After just returning from a weekend where I was able to tick another goal off of the before I die list, it's important to share and remind people how it feels to do something new. Something meaningful and new.
I have been watching NFL football for 20 years. To go see my first game, with 69,000 new friends, was outstanding. While some people have been to many games (that was my wife's 13th NFL experience), others will never care to see one, and that's okay.
What is not okay, however, is to take yourself out of the game to sit on the sidelines and watch others play before your time. I don't know when my time is, and neither do you. While I may not have as much stubborn relentlessness as I did as a misguided teenager playing football and thinking the world was mine for the taking... I have learned to harness a little more focus and some valuable experience along the way.
This has made me realize that there are some stages we go through in life, some great, some unfortunate and forthcoming if we're not careful.
1. The wide-eyed youth. This can be literally a youth who is excited about the notion of possibility, or it can be us at any age when we have our eyes opened to new sports, career potentials, and other new possibilities.
2. The sophomore. Still lots to learn and we're probably quiet around upperclassmen, but around freshman we're eager to dish out all the advice we've earned in our first year university/ 1st running race/ 1st year of business/ etc. We're hungry to learn but scared to show our perceived inexperience.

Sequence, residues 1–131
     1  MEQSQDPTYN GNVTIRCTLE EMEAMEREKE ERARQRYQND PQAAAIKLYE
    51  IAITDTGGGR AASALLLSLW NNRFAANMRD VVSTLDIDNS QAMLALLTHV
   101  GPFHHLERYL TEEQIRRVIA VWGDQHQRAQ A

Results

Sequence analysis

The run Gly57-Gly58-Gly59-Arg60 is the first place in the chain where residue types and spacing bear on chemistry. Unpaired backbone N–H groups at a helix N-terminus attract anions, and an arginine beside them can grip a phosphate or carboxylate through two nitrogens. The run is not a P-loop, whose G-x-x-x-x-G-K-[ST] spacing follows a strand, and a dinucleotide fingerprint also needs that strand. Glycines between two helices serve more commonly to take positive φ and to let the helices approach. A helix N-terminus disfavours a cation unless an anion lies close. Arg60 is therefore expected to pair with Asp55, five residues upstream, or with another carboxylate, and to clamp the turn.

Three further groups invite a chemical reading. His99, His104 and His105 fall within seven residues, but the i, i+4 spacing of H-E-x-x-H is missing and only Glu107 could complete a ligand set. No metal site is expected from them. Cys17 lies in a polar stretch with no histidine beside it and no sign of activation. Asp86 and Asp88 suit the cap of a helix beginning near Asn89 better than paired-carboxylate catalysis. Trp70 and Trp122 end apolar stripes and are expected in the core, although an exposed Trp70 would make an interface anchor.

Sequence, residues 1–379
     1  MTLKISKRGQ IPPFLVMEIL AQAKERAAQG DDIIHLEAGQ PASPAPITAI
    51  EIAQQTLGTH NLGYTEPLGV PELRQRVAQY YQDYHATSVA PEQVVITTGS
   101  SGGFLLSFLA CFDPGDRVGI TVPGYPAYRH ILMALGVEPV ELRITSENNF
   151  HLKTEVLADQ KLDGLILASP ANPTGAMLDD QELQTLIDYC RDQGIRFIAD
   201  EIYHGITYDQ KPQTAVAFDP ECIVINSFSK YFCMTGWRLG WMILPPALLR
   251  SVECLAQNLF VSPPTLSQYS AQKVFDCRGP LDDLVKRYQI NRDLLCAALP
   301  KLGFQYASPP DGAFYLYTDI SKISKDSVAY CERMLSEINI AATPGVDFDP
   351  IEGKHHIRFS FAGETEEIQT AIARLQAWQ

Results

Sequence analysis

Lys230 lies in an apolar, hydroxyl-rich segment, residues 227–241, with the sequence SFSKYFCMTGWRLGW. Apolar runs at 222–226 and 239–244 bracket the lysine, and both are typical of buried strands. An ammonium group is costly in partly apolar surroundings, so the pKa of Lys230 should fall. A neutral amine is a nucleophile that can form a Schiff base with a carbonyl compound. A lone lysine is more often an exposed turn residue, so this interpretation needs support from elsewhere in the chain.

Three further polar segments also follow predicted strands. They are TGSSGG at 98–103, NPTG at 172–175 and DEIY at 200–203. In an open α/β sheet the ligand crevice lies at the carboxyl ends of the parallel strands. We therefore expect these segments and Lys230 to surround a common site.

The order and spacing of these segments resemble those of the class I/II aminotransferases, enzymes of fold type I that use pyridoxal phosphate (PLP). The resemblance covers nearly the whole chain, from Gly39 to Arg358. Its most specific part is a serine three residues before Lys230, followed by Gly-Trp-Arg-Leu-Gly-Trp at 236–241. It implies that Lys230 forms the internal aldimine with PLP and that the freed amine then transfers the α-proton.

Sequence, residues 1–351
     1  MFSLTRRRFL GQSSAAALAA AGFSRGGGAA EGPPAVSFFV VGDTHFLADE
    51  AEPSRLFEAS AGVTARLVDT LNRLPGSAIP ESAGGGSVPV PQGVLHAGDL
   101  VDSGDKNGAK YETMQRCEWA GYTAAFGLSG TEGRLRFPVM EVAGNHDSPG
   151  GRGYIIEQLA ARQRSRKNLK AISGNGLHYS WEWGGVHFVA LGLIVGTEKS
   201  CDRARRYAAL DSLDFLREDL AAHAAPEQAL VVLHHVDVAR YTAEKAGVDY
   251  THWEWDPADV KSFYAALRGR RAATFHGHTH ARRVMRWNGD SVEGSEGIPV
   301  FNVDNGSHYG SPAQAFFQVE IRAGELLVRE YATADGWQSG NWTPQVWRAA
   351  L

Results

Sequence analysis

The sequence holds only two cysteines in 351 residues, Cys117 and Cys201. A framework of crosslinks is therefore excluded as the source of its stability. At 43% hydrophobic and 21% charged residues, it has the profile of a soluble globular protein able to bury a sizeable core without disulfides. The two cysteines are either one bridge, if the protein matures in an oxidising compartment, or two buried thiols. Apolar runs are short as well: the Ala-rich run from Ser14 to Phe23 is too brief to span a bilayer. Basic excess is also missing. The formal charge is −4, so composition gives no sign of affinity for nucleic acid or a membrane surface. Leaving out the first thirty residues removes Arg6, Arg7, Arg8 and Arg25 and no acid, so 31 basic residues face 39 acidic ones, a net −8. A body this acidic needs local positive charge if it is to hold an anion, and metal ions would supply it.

3. "The vet". The senior in college, the years-experienced manager, the couple who's been married for 5 years talking to newlyweds, etc. Here is where a relative wealth of experience has the potential to close our minds and make us think we know more than we do. After repeated success with our own proven theories, we begin the think they are more universal and time-tested than might actually be the case.
4. The old dog. The grandparent or retiree, the coach or business owner. Someone who has been at it a lifetime it seems who is resistant to learn and just wants to get to the point quickly because they've "seen and done it all before"
5. The new old dog. This is the kind of person I aspire to be. I know that when I'm 75 I may have to scale down my physical goals compared to what they are now. I may have more of a philanthropic and social/ family focus and less of a business one. But to me a 'new old dog' is someone who could probably teach their peers as much or more than anyone around them, yet is still the most willing to learn, and often the last to speak.
Learning and challenging ourselves are supposed to be lifelong engagements. While the content and focus of these new experience may change shape over time, when they stop altogether- at least in my humble opinion- is the day we truly begin to age.